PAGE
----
Let me go back to that woman’s statement that basically a baby will not get a flat spot if they are held and that is why babies are starting to get more flat head syndrome. This statement is uneducated and quite frankly ignorant. I saw a study that the prevalence of flat head syndrome is at a rate of 47% in infants. Is this because mothers are just laying down their babies and forgetting about them all day? NO! It’s contributed to the back to sleep campaign. Do I blame the campaign? Absolutely not. It’s been documented and proved that this has helped decrease the instances of SIDS. I do, however, blame the lack of education of how to help avoid flat head syndrome. Even if I had rotated my babies’ heads there is still a good chance that this still would have been an issue because of the torticollis but that’s not my point at the moment. But at the end of the day I would take a minor cosmetic issue and drastically reduce the risk of SIDS any day.
Just within the last month and a half the babies have gotten much stronger and more tolerant of tummy time. They spend a good 45-70 minutes on their tummies for tummy time. Gabriel has also developed a preference of laying on his side. They also sit in their high chairs, bouncer and walker much more throughout the day, spending much less time on their backs. Within the last month I’ve noticed a dramatic improvement in their heads. The flat spot is rounding out. No helmet needed.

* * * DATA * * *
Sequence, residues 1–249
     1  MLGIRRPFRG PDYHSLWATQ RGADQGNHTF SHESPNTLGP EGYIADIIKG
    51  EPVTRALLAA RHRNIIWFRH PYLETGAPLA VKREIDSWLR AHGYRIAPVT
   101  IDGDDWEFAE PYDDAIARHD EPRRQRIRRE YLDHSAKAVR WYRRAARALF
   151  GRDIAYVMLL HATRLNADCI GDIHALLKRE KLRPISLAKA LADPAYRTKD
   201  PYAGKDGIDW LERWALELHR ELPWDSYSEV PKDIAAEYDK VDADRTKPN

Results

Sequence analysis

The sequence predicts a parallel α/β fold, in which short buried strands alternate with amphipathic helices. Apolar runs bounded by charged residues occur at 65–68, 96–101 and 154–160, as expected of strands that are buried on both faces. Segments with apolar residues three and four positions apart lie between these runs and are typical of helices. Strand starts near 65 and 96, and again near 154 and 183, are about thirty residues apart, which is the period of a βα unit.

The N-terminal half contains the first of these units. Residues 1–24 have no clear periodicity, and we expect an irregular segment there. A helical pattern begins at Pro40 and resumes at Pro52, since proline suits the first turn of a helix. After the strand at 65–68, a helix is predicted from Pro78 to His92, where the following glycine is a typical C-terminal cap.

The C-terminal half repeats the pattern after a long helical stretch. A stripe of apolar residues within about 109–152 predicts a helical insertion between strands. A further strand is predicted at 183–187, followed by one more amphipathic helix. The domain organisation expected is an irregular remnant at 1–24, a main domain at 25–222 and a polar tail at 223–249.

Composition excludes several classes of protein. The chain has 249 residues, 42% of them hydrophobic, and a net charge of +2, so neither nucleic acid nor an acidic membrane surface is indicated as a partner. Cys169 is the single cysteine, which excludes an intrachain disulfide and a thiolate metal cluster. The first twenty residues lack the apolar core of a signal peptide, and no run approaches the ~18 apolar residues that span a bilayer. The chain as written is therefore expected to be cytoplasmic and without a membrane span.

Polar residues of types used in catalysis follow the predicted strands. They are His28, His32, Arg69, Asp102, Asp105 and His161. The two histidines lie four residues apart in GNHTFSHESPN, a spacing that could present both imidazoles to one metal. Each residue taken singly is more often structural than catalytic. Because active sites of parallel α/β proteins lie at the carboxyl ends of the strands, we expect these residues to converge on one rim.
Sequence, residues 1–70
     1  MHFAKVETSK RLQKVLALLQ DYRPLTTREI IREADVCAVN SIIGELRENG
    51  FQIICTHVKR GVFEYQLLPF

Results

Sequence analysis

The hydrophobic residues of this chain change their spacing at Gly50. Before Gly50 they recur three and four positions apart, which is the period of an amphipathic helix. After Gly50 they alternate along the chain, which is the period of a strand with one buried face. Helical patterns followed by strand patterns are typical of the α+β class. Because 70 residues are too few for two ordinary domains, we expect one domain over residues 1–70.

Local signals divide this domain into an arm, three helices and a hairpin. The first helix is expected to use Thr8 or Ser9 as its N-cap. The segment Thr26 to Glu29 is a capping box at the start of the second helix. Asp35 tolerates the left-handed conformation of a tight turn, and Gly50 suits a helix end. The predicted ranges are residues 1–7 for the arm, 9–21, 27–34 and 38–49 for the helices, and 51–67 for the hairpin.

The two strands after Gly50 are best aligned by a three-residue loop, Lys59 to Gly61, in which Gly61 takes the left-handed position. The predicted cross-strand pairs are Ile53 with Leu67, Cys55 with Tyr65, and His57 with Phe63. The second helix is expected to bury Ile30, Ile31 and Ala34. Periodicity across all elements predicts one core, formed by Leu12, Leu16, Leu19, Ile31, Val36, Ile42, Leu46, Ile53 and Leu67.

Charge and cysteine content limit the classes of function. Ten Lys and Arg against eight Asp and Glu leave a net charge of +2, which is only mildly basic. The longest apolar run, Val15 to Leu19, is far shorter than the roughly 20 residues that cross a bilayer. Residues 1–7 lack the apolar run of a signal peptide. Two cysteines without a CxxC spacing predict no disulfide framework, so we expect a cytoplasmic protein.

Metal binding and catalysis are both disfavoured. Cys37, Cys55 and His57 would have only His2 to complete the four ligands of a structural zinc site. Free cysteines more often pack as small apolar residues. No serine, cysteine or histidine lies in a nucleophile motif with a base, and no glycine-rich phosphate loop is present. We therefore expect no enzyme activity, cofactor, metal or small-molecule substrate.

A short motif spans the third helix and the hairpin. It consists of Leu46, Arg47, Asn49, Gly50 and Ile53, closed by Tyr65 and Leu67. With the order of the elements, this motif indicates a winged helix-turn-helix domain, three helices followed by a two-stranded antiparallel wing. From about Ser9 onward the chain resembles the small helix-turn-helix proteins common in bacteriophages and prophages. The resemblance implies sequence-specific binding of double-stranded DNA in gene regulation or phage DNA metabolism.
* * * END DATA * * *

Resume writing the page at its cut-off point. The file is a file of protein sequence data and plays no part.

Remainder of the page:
Once again there seems to be a trend I see on social media and everywhere and that is mom shaming. As said yesterday in my blog, I am not sure if it is because people think they are better than everyone else or if they say these things to make themselves feel better because of their own insecurities and inadequacies. Either way, women need to ban together. Uplift each other, give advice when it is asked but don’t pass judgment in others. And when you make such blanket statements without evidence to back it up, understand that you sound like an ignorant ass!